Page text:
Anchor lead: Avoiding the development of cancer may also mean avoiding alcohol, Elizabeth Tracey reports
Don’t drink alcohol. That’s the take home from recently released guidelines from the American Cancer Society on reducing one’s risk for cancer. William Nelson, director of the Kimmel Cancer Society at Johns Hopkins, says previous data notwithstanding, the bulk of the evidence seems to support this.
Nelson: If you see people who report on a survey that they only consume low or moderate amounts of alcohol and they have lower risks for cardiovascular disease or cancer is that because of the alcohol they drink or is that because of the kind of person that they are? I think the game goes around to low or moderate alcohol consumption and I think the challenge to making the recommendations is its difficult to know whether it’s the alcohol itself or the lifestyle that one has selected. With that in mind most of the data do line up that alcohol itself is not helpful to you in its physiology vis a vis cancer risk. :35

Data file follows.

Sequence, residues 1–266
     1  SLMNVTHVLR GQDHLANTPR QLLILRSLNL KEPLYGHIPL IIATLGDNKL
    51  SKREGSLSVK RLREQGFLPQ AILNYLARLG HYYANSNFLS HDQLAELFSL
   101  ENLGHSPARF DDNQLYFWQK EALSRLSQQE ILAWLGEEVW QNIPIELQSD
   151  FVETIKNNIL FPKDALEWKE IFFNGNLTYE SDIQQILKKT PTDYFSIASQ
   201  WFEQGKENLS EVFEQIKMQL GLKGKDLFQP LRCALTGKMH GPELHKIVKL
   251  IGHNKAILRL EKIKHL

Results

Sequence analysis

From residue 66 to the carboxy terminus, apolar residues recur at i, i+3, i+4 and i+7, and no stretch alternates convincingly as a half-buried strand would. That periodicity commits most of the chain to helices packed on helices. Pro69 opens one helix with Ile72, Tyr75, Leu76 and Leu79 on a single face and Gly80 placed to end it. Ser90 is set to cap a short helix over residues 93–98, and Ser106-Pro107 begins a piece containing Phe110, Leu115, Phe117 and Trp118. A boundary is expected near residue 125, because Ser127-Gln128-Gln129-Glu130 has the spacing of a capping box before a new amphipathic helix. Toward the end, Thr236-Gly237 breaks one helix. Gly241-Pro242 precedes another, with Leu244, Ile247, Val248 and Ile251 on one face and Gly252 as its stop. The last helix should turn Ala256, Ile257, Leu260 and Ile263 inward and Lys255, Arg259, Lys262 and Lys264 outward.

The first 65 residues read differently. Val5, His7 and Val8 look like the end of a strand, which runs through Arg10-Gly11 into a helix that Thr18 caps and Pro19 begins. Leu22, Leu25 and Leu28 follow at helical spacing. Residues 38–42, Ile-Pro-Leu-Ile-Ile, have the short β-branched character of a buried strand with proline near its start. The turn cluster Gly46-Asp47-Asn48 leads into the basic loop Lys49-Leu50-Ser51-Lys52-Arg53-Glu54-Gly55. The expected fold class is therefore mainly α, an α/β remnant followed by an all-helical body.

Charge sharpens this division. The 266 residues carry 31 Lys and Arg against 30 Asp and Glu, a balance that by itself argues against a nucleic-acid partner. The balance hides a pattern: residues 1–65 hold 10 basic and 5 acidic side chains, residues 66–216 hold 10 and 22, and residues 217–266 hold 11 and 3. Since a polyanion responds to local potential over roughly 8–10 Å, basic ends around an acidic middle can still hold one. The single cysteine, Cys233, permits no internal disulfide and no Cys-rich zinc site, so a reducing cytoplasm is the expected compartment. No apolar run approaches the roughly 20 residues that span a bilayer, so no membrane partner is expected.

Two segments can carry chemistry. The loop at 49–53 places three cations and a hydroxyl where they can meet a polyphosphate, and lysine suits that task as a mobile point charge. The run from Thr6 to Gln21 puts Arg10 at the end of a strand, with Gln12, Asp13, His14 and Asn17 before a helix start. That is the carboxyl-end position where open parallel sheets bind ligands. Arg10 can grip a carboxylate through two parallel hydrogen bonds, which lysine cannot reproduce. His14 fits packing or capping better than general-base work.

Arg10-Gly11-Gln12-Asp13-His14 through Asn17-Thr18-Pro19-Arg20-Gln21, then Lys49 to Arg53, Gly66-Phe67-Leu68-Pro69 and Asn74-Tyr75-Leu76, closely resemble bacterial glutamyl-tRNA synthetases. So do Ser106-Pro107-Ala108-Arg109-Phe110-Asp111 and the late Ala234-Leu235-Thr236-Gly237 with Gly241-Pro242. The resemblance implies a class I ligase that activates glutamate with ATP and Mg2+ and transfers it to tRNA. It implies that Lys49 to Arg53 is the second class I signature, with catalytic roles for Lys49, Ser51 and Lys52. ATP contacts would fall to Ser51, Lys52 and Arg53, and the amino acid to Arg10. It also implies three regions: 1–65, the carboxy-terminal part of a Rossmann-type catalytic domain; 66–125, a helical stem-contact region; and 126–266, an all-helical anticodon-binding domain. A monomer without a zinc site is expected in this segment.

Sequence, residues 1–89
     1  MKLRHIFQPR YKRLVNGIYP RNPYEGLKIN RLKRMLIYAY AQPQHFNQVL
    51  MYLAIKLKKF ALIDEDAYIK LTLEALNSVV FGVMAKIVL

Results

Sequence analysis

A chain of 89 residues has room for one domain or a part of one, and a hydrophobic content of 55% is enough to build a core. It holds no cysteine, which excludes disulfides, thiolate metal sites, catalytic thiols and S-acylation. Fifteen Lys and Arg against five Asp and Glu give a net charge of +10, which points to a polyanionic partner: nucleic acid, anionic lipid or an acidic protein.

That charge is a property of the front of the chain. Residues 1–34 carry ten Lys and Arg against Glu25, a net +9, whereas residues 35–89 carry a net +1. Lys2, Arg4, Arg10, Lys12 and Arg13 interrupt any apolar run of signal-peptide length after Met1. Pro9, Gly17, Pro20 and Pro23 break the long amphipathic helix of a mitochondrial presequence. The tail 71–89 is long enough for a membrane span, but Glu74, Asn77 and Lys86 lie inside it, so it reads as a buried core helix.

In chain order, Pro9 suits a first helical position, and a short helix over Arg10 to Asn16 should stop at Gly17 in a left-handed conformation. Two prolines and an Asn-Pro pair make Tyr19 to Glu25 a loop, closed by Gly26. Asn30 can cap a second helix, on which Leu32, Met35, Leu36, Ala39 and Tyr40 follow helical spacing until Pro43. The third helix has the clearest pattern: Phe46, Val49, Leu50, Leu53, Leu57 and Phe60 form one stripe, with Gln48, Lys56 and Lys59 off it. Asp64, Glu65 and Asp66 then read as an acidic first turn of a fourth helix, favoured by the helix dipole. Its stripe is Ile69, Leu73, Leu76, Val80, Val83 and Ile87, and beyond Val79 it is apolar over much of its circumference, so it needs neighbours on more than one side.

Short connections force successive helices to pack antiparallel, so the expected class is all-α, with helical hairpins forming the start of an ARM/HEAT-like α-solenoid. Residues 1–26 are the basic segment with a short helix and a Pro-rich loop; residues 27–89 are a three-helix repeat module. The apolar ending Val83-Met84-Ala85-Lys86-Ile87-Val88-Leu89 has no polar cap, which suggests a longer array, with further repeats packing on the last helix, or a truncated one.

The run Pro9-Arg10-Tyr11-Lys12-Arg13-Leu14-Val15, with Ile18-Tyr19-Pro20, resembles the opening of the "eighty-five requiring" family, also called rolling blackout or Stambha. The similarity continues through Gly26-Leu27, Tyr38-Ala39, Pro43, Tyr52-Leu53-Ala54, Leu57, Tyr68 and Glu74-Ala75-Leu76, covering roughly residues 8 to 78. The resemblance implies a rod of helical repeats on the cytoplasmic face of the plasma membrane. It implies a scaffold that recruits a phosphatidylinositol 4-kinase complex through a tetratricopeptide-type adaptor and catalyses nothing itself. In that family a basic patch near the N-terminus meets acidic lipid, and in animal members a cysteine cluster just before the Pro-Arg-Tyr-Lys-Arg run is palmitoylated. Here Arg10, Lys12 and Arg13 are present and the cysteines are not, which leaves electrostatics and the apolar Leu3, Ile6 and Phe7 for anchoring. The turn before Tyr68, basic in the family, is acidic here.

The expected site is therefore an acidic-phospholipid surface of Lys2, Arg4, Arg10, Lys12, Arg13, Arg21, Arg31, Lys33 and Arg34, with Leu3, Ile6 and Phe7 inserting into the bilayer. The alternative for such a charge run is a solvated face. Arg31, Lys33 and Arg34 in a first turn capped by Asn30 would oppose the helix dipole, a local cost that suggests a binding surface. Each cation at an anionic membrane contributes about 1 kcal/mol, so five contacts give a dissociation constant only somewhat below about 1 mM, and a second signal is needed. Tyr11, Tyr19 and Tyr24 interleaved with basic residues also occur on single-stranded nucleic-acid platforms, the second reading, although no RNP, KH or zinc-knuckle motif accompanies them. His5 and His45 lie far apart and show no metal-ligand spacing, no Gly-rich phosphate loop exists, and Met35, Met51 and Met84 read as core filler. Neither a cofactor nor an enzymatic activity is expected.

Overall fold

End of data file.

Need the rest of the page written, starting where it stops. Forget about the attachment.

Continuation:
At Johns Hopkins, I’m Elizabeth Tracey.